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City of Cologne (Germany)

Stadt Köln, North Rhine-Westphalia

Last modified: 2006-09-23 by jarig bakker
Keywords: cologne | köln |
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[City of Cologne/Köln (North Rhine-Westphalia, Germany)] 5:2 image by Stefan Schwoon, 25 Feb 2001 See also:


A red-white banner (hanging flag), source Staack 1997. A horizontal flag with the arms is shown on the Flaggen-Server website.
Stefan Schwoon, 25 Feb 2001

The German editors of Norie and Hobbs 1971 added two charts (which were not originally in Norie and Hobbs 1848) with German flags that were important over time. One of them is no. 24, Köln 1300, [horizontal] red over white.
Peter Hans van der Muijzenberg, 12 Nov 2001

The displayed hanging flag is not the official flag of the city of Cologne. This hanging flag is only representing the colors of Cologne, red and white. Using the city colors without the badge is unusual.
The official flage of the city of a cologne is a bicolor, vertical stripes, red above white, with the badge in the center, ratio 3:5.
Description of the badge: On the top are three crowns, representing the three holy kings (Kaspar, Melchior and Balthasar) who are buried in the Cologne cathedral. and the legend about the eleven ermine i don't know exactly.
Dirk Lesniewsky, 16 Jul 2003

From Ralf Hartemink's website:
"Later (around 1500) the shield was 'filled' with ermine. Officially there are 11 ermine tails, symbolising the 11.000 virgins of Saint Ursula. As St. Ursula was a princess of Brittany the virgins were depicted as ermine tails. The arms of Brittany are a plain shield of ermine. The original description in the legend of St. Ursula read "XI m. virg." This has to be translated as 11 martyred virgins, not as 11.000 (M for 1000) virgins..."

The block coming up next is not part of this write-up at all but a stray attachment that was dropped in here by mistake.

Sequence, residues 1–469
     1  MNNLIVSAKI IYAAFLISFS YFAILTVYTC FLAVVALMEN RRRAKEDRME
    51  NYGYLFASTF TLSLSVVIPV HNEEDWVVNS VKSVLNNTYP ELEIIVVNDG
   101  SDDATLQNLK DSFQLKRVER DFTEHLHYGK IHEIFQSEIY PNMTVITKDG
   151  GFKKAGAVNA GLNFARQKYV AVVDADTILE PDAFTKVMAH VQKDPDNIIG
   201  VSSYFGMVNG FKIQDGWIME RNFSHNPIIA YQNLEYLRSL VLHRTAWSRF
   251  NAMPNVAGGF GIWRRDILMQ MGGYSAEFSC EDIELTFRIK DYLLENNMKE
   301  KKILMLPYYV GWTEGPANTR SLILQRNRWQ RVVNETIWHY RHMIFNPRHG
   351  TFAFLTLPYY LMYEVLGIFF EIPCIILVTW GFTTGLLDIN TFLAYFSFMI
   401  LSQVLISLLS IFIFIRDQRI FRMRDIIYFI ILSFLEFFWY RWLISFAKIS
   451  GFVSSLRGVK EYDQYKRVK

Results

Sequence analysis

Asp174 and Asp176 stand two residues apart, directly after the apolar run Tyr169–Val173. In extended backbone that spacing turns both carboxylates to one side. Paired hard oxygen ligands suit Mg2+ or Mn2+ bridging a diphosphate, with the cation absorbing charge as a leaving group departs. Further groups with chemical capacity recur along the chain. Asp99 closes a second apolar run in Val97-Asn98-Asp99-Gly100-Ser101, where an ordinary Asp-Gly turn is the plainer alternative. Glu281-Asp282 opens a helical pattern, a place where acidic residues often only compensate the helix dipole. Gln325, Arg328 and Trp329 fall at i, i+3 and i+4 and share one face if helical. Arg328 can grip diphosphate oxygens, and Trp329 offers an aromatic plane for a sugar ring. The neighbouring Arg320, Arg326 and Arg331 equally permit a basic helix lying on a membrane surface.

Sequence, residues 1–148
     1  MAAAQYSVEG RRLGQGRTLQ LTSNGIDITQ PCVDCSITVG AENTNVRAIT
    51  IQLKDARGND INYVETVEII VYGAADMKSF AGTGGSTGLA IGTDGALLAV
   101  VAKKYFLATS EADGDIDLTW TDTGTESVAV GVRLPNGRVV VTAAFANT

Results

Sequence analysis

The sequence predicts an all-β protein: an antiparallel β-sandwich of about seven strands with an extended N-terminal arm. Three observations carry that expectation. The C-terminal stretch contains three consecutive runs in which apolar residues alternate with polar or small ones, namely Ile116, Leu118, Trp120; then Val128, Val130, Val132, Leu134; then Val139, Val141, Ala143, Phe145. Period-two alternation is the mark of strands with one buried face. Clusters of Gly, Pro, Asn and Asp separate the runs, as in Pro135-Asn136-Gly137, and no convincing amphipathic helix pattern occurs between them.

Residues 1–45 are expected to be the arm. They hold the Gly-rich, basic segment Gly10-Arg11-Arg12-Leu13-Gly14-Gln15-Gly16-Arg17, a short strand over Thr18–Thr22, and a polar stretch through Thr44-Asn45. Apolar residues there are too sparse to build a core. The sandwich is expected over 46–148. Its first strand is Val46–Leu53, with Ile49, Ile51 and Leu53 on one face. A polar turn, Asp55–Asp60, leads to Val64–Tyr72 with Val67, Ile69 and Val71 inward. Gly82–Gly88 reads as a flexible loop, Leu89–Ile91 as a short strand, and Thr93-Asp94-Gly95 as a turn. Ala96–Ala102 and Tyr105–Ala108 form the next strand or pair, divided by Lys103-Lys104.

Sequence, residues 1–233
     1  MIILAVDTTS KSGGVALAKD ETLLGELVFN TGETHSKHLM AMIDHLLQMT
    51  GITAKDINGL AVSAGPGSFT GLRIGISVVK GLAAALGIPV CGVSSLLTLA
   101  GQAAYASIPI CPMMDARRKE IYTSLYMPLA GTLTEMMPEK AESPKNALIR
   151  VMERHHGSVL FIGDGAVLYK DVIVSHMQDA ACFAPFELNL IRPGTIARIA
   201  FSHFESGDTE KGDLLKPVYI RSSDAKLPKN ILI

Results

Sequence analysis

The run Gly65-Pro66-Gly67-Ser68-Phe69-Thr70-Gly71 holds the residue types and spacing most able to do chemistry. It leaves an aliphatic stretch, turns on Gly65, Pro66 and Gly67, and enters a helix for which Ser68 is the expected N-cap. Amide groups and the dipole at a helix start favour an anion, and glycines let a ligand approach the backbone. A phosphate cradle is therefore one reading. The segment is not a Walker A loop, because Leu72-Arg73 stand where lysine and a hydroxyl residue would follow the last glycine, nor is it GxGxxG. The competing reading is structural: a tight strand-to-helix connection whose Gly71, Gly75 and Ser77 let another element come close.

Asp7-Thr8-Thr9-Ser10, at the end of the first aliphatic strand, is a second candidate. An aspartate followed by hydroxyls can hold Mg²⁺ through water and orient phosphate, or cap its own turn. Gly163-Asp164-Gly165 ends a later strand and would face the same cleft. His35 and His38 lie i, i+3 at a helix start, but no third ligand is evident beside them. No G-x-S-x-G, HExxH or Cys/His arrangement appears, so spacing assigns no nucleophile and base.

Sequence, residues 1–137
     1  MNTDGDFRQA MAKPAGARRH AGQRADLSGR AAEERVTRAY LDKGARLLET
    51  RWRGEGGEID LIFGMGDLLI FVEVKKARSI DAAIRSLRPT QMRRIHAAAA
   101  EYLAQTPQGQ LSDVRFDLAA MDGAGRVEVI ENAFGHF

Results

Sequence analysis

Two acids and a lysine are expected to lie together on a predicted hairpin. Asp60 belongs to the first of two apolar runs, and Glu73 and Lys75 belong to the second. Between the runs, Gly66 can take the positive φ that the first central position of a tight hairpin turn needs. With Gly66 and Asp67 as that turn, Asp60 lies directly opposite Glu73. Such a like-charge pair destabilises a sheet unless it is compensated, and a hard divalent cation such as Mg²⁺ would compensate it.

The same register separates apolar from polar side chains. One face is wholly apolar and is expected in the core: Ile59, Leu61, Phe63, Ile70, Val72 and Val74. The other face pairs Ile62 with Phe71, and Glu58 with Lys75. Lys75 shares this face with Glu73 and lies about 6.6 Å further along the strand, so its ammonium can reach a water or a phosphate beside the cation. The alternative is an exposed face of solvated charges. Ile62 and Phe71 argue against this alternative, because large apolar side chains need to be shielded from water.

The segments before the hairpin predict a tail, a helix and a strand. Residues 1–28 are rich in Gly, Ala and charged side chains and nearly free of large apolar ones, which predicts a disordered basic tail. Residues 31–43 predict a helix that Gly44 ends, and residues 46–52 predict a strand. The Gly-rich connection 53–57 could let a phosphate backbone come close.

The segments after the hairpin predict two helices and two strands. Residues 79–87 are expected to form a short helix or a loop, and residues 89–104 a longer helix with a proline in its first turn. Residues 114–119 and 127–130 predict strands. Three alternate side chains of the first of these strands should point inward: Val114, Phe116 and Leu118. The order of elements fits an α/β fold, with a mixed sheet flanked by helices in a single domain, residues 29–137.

Santiago Dotor, 17 Jul 2003

Ursula is said to have been martyred in the 3rd century in Cologne, long before the adoption of the ermine spots by the Dukes of Brittany.
The (hi)story of St. Ursule is summarized in Encyclopaedia Universalis as follows:

At the end of the 4th century, Clementius restored in Cologne a basilica in which martyrized virgins had been allegedly buried one century earlier. Clementius placed an inscription to recall his work, but he did not state either the number or the names of the martyrs. In the 9th century, nuns living near the basilica attempted to retrieve the story of the martyrs. They were given the epitaph of a girl called Ursula, who had died at the age of eight. The nuns were told that the martyrs were eleven, and this number was increased to 11,000 because of a misinterpretation of the Roman numbers.

Ursula's legend appeared around 970. Ursula was the daughter of a King of (Great)-Britain. The son of a pagan King wanted to marry her, which was accepted by Ursula's father. Ursula was accompanied by ten women, each of them being escorted by 1,000 virgins. The women crossed the sea and sailed up the Rhine to Basle. Then they walked to Rome on a pilgrimage. On their way back down the Rhine, they met Attila, King of the Huns, who wanted to marry Ursula. She rejected Attila's demand, so the Huns killed all women with their arrows.
There is not the least parcel of reality in this legend, which was "confirmed" in 1106, when a lot of human bones were found near Cologne when digging new ditches. It was indeed an ancient cemetery, but the epitaphs which were found were misinterpreted by Elisabeth von Schonau. The huge numbers of alleged relics impressed the Christian world, the sanctuaries dedicated to the 11,000 virgins flourished and the legend was amplified, inspiring several wonderful artworks (for instance Carpaccio in Venice).
Ivan Sache, 17 Jul 2003

Compare it with British Virgin Islands story.
Željko Heimer, 17 Jul 2003